Expertise and Creativity
The College Experience
Chapter 14: Emotional and Social Development in Early Adulthood
A Gradual Transition: Emerging Adulthood
Erikson's Theory: Intimacy versus Isolation
Other Theories of Adult Psychosocial Development
The Family Life Cycle
The Diversity of Adult Lifestyles
PART VIII. MIDDLE ADULTHOOD
Chapter 15: Physical and Cognitive Development in Middle Adulthood
Health and Fitness
Adapting to the Challenges of Midlife
Changes in Mental Abilities
Vocational Life and Cognitive Development
Adult Learners: Becoming a College Student in Midlife
Chapter 16: Emotional and Social Development in Middle Adulthood
Erikson's Theory: Generativity versus Stagnation
Other Theories of Psychosocial Development in Midlife
Stability and Change in Self-Concept and Personality
Relationships at Midlife
PART IX. LATE ADULTHOOD
Chapter 17: Physical and Cognitive Development in Late Adulthood
Health, Fitness, and Disability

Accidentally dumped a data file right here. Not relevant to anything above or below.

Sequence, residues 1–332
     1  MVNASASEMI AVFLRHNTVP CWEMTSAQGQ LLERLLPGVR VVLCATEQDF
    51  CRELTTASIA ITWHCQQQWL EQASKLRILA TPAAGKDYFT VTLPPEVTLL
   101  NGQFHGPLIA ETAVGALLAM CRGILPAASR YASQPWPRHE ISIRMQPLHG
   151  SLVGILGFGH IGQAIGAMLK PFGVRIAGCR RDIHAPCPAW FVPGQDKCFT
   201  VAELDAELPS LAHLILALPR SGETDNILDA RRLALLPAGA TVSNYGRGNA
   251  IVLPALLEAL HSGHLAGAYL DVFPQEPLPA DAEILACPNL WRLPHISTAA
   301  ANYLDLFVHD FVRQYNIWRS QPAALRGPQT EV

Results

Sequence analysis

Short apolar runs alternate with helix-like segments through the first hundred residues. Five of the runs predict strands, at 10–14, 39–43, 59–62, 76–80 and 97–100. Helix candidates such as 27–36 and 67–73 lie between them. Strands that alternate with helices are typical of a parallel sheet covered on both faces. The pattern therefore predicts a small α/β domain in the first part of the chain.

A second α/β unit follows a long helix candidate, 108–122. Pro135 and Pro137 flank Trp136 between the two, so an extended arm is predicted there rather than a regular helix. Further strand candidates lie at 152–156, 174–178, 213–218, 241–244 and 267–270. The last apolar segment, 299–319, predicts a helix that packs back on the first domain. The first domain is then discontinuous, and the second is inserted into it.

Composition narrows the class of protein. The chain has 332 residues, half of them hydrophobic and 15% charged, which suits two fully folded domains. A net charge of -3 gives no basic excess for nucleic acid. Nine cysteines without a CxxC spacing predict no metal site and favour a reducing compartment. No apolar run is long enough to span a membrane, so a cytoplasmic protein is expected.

Factors Related to Cognitive Change
Chapter 18: Emotional and Social Development in Late Adulthood
Erikson's Theory: Ego Integrity versus Despair
Other Theories of Psychosocial Development in Late Adulthood
Stability and Change in Self-Concept and Personality
Contextual Influences on Psychological Well-Being
A Changing Social World
Relationships in Late Adulthood
PART X. THE END OF LIFE
Chapter 19: Death, Dying, and Bereavement
How We Die
Attitudes Toward Death
Thinking and Emotions of Dying People
A Place to Die
The Right to Die
Bereavement: Coping with the Death of a Loved One
Meticulously researched material, including nearly 1,700 new reference citations as well as the latest research and findings, is conveyed to the student in a clear, story-like fashion that humanizes the complex developmental process.
Practical applications are integrated throughout the text to show students how sound practice stems from theory and research.
Visually stunning artwork, graphics, and photographs effectively illustrate major points and enhance student interest and understanding.
Outstanding pedagogical features support students’ mastery of the subject matter:
NEW! TAKE A MOMENT…, an active-learning feature built into the text narrative, asks the reader to “take a moment” to think about an important point, integrate information on lifespan development, or engage in an exercise or an application to clarify a challenging concept. Take a Moment . . . actively engages the student in learning and inspires critical thinking!
Stories and vignettes of real people, a Berk signature feature, open each chapter and continue throughout the text to illustrate developmental principles and teach through engaging narrative.